I'm still impressed by how light yet warm MontBell EX Light Down Anorak is. It doesn't take much space in the backpack. Even better, it regains loftiness quickly, blocks wind well and is pleasant to wear to bed.
LONG-TERM TEST LOCATIONS AND CONDITIONS
Due to severe weather and high avalanche danger in the mountains I had to cancel a couple of my planned trips in the past two months. However, I still managed to test the anorak on the following trips:
- Two-day bikepacking trip to one of the Southern Gulf Islands in BC. It was mostly cloudy with occasional rain. The temperature was ranging from 50 F (10 C) to 28 F (-2 C). The elevation was ranging from 164 ft (50 m) to 650 ft (200 m).
- Day snowshoeing trip to Hollyburn Peak on the Cypress Mountain, BC. It was foggy the whole day. The temperature was around 36 F (2 C). Trail length was 4.66 mi (7.5 km) roundtrip with an elevation gain of 1476 ft (450 m) and the highest point reaching 4350 ft (1326 m).
- 5 days cycle commute to work. The elevation was minimal. The distance was around 2.17 mi (3.5 km) one way. The temperature in the morning was ranging from 32 F (0 C) to 23 F (-5 C).
PERFORMANCE IN THE FIELD
My impression of the Montbell EX Light Down Anorak hasn't changed in the past two months. It still performs well, regains loftiness quickly, and allows me to sleep with comfort.
I spent an evening sitting next to the fire with occasional wind gusts blowing fire particles around. I was afraid that it could burn holes in my anorak so I put my hardshell rain jacket on top. The short length of the anorak came in handy - my rain jacket kept it covered completely and safe from fire while keeping me warm and cozy at the same time.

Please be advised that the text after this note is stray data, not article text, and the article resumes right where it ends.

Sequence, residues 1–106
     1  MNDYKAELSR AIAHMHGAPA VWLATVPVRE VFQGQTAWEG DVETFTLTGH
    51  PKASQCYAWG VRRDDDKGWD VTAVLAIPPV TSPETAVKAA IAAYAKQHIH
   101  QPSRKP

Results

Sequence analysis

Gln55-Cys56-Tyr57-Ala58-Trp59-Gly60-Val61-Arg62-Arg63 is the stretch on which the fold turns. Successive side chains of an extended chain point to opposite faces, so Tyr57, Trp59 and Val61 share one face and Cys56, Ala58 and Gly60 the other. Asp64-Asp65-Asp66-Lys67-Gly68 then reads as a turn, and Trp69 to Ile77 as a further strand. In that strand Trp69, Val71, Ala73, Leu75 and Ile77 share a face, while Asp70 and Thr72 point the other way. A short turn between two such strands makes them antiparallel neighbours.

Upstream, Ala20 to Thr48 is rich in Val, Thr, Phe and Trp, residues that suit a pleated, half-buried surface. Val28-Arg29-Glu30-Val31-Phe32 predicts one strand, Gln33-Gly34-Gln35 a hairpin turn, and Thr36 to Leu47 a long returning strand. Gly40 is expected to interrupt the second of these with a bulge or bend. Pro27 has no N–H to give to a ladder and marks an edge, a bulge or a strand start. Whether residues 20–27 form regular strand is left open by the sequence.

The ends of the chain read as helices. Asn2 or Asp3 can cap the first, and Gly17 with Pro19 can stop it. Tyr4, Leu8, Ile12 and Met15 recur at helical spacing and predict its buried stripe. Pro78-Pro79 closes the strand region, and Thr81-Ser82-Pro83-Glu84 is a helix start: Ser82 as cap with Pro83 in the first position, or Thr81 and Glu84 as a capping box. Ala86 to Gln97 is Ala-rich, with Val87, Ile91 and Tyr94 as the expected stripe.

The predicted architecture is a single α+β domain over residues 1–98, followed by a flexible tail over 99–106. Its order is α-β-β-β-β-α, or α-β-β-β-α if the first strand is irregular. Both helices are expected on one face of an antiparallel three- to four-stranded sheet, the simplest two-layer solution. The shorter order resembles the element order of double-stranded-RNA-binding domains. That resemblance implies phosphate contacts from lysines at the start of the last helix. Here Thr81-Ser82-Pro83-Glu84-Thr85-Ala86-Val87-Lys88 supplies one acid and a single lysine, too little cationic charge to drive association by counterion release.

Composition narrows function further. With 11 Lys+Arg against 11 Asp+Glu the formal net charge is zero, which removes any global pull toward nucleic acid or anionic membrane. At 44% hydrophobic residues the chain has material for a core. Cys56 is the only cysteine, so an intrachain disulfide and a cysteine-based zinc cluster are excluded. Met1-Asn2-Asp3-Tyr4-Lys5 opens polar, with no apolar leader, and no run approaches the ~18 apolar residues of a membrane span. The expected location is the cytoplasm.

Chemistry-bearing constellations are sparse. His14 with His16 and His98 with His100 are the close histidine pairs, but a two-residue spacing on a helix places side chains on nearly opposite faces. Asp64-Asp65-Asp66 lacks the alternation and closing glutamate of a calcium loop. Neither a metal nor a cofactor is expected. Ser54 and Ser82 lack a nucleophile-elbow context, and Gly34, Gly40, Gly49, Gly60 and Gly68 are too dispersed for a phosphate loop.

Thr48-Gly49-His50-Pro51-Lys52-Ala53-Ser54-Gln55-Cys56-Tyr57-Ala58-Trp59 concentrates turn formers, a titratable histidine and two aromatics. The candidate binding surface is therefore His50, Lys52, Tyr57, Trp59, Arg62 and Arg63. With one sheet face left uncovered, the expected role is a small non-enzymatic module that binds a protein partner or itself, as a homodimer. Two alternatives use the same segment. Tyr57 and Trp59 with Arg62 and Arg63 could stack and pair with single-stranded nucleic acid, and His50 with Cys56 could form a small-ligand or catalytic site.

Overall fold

In my initial report, I mentioned that it was too hot to cycle with it when the temperature was above 40 F (4 C). However, there was one colder week in Vancouver when the temperature dropped below 32 F (0 C) in the mornings. During those days I enjoyed wearing this jacket while cycling to work. I found that it was just right - I didn't overheat or get sweaty, and it blocked the cold wind entirely.
The only downside I noticed in the past few months was the down leakage. The care instructions for the jacket suggested that small feather spines or down clusters might get through the fabric. Instead of pulling them out, it's best to reach behind the fabric and pull the down cluster back in. However, whenever the feather was coming out it was through the seam and not the fabric itself. I tried to pull it back in from both sides of the seam with no luck. Fortunately, it didn't get tangled with other down clusters inside, and I was able to pull just one feather out.
Montbell EX Light Down Anorak works well as a mid-layer or an outer layer. Its compressibility and weight-to-warmth ratio are exceptional. I'll continue to use the anorak throughout all seasons, and it will definitely replace my other bulkier and heavier jacket, which I currently take on my trips.
This report was created with the BackpackGearTest.org Report Writer Version 1.
Copyright 2020. All rights reserved.
This concludes my Long-Term Report. Thank you MontBell and BackpackGearTest.org for the opportunity to test EX Light Down Anorak!